Aleksandar Vrhovec is certainly a name that we have come across on this site before. We have encountered his more accessible and perhaps even chart friendly side with LucidFer and the more intricate and progressive moments with Acid Hags. And if, as you step from one to the other, you find yourself moving into ever more experimental realms, Reset is the stepping stone that takes you even further into more intriguing and wonderfully strange sonic landscapes.
Pop music with a rock and roll spine? Rock music with plenty of funky grooves? Sassy contemporary blues with a soulful kiss? Indie music which has grown up and stopped checking its hair in the mirror? Well, how about we accept that LucidFer is all of that and more and we just call it music, and the simply titled Vol 1 is all the proof you are going to need. And that is the art really, to not worry about where the generic boundaries are and just get on with the job of writing great songs and this is indeed a collection of great songs. Mixing immediate and accessible guitar hooks with deft picking, simple but never simplistic beats and wonderfully vocal deliveries that blends soulfulness and a raw edge, the right balance of groove and grunt, slickness and sass…its all there. That is the key to what this Croatian quartet does. Sounds simple doesn’t it?
In a world of pre-packaged, written to order, chart to bargain bin dross, it reminds us that there are other options available, that pop music can be built around integrity and clever construction. It also reminds us that not all rock music has to be centred on adolescent and “how tough do I look” poses…because, of course, the answer is “not very!” Album opener Alone rocks with the best of them and pops to perfection because it has soul and groove to spare, it also has wide appeal, discerning music fans will admire the way it is put together and mainstream pop fans will just want to dance the night away to its slinky rhythms.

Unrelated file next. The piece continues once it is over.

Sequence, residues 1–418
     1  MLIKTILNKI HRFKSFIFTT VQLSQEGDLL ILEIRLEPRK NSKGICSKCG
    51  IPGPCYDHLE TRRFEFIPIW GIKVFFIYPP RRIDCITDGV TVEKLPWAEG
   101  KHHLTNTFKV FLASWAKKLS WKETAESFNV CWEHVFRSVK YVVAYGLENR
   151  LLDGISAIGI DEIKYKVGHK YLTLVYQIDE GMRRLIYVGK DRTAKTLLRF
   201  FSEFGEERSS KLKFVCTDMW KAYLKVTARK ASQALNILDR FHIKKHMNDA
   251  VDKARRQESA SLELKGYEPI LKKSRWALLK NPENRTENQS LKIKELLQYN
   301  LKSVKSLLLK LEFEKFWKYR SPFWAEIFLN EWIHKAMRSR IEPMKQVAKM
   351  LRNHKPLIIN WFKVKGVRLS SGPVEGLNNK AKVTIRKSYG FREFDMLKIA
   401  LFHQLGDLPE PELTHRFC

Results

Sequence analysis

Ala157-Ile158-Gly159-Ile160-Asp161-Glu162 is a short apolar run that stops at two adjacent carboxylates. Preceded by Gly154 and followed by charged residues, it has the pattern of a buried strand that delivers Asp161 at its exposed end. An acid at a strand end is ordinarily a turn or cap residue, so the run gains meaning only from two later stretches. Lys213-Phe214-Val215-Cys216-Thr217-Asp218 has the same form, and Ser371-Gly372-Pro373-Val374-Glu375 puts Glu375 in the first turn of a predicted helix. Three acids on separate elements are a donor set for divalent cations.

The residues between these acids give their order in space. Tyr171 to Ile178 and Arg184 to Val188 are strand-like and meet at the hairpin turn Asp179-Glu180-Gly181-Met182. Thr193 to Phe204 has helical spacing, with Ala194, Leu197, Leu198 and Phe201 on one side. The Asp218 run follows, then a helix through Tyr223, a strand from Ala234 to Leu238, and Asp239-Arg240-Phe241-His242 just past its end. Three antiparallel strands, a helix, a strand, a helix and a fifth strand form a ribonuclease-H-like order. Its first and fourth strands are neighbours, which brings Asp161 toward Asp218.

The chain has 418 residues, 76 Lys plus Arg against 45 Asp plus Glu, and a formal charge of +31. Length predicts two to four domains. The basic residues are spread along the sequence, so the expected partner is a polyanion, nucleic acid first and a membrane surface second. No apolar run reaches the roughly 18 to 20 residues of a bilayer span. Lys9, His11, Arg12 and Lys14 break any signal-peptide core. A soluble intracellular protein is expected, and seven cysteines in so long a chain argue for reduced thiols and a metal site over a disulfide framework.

Wrong Side is a beguiling and brooding number with a dark Doorsian undercurrent, I Rode With Death is a dystopian jazz-rock jam and Sailing offers the cool balladic moment. It’s a deft collection of songs, the lead release Island in The Sun takes a fairly considered route, building up on funky guitar rhythms, added beats and deft lead lines, always groovy and matching deft playing with suitably sunshine vibes. It’s a great calling card and lays out just how great the songwriting is. Come for the single, stay for the album!
There isn’t much new under the musical sun, and what is going on here is hardly new either…when you break down the building blocks that they are working with but it shows that even along the familiar and well-trodden musical pathways there is still more than enough room to be original as well as highly accessible. It isn’t always about breaking new ground, sometimes it is good enough to revisit old musical comfort zones, give them a new lick of paint, polish things up a bit and come out with songs that work just because the fundamentals are spot on. No gimmicks, no fashion statements, just great music for the sake of great music. Isn’t that how it should be anyway?